Last weekend was my very first book signing. I thought I would be nervous, but it was exciting to connect with readers. My favorite guest was a young girl who was about 8 or 9 years old. With eyes wide with wonder, she asked if I was the writer, then asked if I was famous. Not yet, but that didn't convince her, judging by the expression on her face when I caught her watching me. I wonder if she will grow up to be a writer someday.
Many thanks to my good friends Caroline and Lora for making this book signing a success! They are fantastic coordinators. Any organization would be lucky to have them on their board;)
They set a great mood with balloons....
I did a reading, and really wished I had a podium.
People did some reading of their own.
Wednesday, February 13, 2013
I am in several book clubs, and love it when I can find a suggested list of discussion questions about a title. As a service to my readers, I have compiled a such a list for Divided Moon.
Divided Moon – Book Club Questions
1. Moon faces an arranged marriage in Divided Moon. What are your thoughts on arranged marriage? Do you see any benefits to arranged marriage? What do you see as the problems? Where do you think arranged marriage most often takes place, and why?
2. A Hmong saying is “to be with a family is to be happy. To be without a family is to be lost.” Moon fears losing her family if she refuses to marry. Do you think this adage is true? How do you think American culture values family?
3. Moon’s parents want to keep their cultural and family traditions. Why do you think this is important to them? Does your family or cultural heritage have any traditions you would like to see continue from generation to generation? Are there traditions that have been lost that you wish to see again? Are there traditions that stopped that you are glad to see go?
4. Jen wishes her parents would treat her more like an adult. Why do you think she feels this way? Do you think other teenagers feel this way? How is this different than Moon’s problem?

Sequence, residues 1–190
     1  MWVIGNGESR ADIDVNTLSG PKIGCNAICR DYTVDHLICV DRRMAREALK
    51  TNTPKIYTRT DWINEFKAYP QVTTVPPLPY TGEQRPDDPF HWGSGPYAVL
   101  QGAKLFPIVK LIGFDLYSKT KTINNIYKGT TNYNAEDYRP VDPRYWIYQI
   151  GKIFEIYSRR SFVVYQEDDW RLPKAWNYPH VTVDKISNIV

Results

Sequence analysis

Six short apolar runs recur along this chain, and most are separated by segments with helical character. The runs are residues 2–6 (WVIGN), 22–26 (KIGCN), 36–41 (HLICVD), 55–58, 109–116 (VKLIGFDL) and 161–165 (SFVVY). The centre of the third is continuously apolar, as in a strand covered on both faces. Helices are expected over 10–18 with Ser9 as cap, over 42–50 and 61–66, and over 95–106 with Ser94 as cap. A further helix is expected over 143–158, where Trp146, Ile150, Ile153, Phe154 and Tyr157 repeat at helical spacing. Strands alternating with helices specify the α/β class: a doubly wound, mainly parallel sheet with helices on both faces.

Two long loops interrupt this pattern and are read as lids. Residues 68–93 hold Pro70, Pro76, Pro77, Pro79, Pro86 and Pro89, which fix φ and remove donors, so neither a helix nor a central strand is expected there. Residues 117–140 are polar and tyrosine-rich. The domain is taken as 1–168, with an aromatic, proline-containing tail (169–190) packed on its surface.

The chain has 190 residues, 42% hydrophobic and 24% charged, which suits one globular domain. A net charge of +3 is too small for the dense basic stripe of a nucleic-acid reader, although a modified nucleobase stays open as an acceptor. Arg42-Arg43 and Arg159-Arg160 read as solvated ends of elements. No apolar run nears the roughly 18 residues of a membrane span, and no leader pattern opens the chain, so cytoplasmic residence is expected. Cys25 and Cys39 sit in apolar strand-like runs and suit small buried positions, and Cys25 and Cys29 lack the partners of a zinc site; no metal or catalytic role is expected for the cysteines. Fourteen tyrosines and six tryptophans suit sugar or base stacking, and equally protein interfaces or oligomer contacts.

5. Adolescence is the transitional period between puberty and adulthood. What do you think is important about adolescence? Do you think this is an unnecessary step? What do people learn during adolescence that helps them in their adult lives?
6. Moon’s parents arrange her marriage to secure her future. What are some other ways parents can help their child enter adulthood?
7. What do you think will happen with Mai? Do you think she will be happy about this?
8. In both Hmong households, Moon encounters roles associated with female and male family members. Are chores assigned according to gender in your family? Do you think males and females are treated the same or differently in American culture?
9. Moon says she and Ze are on the same side. What did she mean by that? Was she right?
10. Can you imagine another way this story could have gone?
Friday, February 1, 2013
The beauty of this story is how the perspective shifts over the course of the book. The reader is aware of it while it is happening, but like falling in love, she may want to go back and recount what happened to get the characters to this place.
In “Flipped,” by Wendelin Van Draanen, Juli moves into Bryce’s neighborhood and instantly develops a crush on him that lasts for years. Over time, she starts to see what is beneath those beautiful blue eyes, and it isn’t so great. Meanwhile, Bryce thinks Juli is very annoying, until she isn’t.
This is the perfect encapsulation of boy meets girl, girl chases boy, until boy catches girl.